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Politics

With Redistricting Underway, N.H. Citizens Raise Their Voices About Lack Of Representation

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Amanda Gokee
/
New Hampshire Bulletin
Cynthia Walter of Dover stands outside the Strafford County redistricting listening session asking for the committee to draw maps fairly.

Strafford County has a problem when it comes to representation and redistricting.

This article was first published by New Hampshire Bulletin

The county serves as the head of the dragon-shaped Executive Council District 2 – a visible example of how gerrymandering can “pack” like-minded voters, Democrats in this case, into a district that stretches across the state. But not all of the problems stemming from redistricting are easy to spot.

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Towns and city wards with enough residents are supposed to have a House representative of their own. But there are four instances in Strafford County where they don’t. Instead of getting a dedicated representative to advocate for the particular issues impacting the community, these areas are lumped together with other neighboring communities and given lawmakers who represent the area at large. It’s not a problem just in Strafford County; statewide, there are 62 places where such constitutional violations show up.

Residents who live in these districts say it’s unfair and that the lawmakers charged with the redistricting process need to fix it when they redraw the maps.

Redistricting takes place every 10 years, after census data has been released, and is meant to reflect the state’s changing population. The Senate and House redistricting committees will be drawing new maps for the House, Senate, both congressional districts, the Executive Council, and the county commissioner districts. And they are hosting a series of 10 public listening sessions across the state as a part of the process.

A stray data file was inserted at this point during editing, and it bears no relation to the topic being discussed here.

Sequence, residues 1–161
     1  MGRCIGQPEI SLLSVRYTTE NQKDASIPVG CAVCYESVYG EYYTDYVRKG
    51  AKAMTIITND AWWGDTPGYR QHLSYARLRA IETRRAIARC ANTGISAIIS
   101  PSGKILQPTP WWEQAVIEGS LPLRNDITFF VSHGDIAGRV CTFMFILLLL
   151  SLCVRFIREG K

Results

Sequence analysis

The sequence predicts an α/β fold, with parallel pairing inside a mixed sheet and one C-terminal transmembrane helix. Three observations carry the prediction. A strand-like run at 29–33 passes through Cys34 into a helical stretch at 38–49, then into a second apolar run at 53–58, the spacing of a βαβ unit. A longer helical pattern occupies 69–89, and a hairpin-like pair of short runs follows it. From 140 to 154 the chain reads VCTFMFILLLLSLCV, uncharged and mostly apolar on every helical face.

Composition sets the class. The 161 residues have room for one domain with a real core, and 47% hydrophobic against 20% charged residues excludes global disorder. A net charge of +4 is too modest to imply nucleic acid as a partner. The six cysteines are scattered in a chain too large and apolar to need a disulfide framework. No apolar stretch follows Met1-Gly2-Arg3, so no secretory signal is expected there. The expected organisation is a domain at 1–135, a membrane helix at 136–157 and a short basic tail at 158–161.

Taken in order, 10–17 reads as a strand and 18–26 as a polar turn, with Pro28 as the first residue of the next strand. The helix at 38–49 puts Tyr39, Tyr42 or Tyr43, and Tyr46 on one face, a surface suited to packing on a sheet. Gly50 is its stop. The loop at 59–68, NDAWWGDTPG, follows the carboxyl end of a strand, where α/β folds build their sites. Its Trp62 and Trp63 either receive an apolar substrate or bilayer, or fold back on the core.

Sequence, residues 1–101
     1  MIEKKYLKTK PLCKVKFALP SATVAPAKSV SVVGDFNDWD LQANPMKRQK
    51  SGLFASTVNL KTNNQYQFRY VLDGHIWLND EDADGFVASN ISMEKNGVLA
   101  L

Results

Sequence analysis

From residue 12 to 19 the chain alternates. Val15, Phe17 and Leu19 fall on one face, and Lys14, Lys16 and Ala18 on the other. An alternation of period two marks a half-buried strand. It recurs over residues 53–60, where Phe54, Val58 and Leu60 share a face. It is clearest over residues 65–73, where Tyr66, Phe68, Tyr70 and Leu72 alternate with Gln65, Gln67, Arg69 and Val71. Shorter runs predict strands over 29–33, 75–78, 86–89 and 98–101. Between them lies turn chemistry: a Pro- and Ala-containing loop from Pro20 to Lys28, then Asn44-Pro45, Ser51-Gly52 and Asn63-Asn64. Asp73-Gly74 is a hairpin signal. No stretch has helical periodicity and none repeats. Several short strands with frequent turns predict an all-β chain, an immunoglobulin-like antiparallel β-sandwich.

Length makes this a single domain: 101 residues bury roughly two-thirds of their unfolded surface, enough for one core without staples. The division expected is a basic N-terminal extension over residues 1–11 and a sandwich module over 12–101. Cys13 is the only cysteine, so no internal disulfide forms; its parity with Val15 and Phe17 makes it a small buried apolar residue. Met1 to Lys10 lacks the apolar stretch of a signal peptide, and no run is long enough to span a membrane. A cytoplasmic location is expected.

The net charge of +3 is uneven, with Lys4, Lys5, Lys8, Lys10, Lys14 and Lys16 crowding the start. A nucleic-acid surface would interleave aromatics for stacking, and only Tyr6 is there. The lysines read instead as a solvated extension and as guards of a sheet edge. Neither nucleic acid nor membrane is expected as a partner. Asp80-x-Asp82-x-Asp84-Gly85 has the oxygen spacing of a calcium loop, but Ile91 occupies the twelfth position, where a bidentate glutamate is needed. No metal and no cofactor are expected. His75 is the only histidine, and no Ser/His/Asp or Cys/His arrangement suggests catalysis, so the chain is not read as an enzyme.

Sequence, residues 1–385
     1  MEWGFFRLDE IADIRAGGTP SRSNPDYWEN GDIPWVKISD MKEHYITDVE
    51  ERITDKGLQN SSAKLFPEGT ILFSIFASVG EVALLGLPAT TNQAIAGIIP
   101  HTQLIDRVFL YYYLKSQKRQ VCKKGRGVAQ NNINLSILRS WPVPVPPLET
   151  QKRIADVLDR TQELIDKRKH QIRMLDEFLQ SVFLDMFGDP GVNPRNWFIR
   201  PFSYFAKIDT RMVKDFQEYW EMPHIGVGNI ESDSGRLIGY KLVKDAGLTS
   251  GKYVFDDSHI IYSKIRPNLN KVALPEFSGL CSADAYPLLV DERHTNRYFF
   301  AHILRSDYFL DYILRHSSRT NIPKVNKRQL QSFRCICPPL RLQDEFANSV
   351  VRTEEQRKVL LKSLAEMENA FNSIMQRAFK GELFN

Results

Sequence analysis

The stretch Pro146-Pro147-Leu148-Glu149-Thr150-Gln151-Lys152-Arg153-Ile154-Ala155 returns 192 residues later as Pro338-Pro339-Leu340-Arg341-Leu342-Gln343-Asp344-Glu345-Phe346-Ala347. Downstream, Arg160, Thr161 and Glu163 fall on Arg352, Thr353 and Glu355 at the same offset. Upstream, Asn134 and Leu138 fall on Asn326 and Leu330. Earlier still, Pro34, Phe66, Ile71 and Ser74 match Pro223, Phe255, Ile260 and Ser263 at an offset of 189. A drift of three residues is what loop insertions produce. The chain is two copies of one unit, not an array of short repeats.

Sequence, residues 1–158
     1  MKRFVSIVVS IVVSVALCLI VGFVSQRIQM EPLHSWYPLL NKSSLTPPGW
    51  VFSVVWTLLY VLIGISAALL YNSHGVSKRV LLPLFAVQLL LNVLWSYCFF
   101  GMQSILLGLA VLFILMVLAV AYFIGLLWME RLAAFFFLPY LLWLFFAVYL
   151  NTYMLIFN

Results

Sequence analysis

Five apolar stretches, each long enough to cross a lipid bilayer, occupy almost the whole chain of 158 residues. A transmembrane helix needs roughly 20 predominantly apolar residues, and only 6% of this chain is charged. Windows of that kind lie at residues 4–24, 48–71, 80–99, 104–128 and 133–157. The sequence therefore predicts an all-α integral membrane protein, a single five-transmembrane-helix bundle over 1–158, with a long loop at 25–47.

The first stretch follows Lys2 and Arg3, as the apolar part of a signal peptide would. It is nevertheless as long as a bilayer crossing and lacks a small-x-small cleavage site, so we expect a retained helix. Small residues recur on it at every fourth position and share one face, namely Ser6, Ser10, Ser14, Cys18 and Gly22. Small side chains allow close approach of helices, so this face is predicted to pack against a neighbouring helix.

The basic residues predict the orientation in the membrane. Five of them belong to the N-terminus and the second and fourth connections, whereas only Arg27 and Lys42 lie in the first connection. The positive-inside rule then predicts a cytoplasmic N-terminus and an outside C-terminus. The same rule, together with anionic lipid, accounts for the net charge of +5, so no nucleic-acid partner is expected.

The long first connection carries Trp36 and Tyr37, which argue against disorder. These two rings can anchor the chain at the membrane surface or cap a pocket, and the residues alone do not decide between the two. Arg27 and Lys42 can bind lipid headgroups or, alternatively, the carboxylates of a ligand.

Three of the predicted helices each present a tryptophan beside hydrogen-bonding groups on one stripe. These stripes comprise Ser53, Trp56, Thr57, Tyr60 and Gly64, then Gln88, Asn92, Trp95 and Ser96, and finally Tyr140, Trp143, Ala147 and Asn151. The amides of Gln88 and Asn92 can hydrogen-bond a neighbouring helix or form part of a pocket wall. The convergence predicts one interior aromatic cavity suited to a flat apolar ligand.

At the redistricting meeting for Strafford County last week, residents hammered home the problems, starting with Strafford House District 17. The district, as it was drawn 10 years ago, includes Dover Wards 5 and 6 and Somersworth Ward 2, and shares three “at-large” representatives.

But residents say this arrangement deprives them of the representation they are constitutionally guaranteed and diminishes their voices.

“No one is speaking just for Somersworth,” said resident David Holt.

James Fieseher, a retired physician who lives in Dover Ward 5, described being put in the same district as Somersworth as “a shock.” The communities are in different school districts, and residents and state representatives agree there are other important differences that make the pairing problematic.

“Various issues that matter to Somersworth are not necessarily parallel with the ones that matter to Dover,” said Rep. Peter Bixby, one of the three representatives for the district.

And, Bixby said, the arrangement is a disadvantage for candidates from Somersworth, since voters in Dover wards outnumber those in Somersworth. He has more organic contact with the people he represents in Dover since he is in the community, he said, and it’s harder for him to know what is important to people in the Somersworth ward he represents. He believes it’s less likely that people will reach out to a representative they don’t know or see in their community.

“It just makes sense for people to be representing the communities that they’re part of,” he said.

Rep. Peter Schmidt, a Dover Democrat, agreed. “Somersworth had no representation,” he said during the Strafford County listening session last week. “That’s unfair. That’s wrong.”

Math is at least part of the reason lines get drawn in ways that don’t make sense to people who live within them. With New Hampshire’s latest census data putting the state population at nearly 1.38 million people, each state representative should, ideally, represent 3,444 people. It’s a simple equation where the state population is divided by the number of representatives. Unfortunately, towns and wards don’t always fit neatly into those numbers. Towns that don’t have enough residents to get their own representative are lumped together with other adjacent towns or wards. But even some towns that do have enough residents don’t get the representation the constitution promises.

Math isn’t the only reason for these arrangements that violate the constitution, and Phil Hatcher can prove it. Hatcher is a computer scientist who taught at UNH for 33 years and is now retired. He designed mapping software that can reduce the number of constitutional violations in Strafford County from four to just one.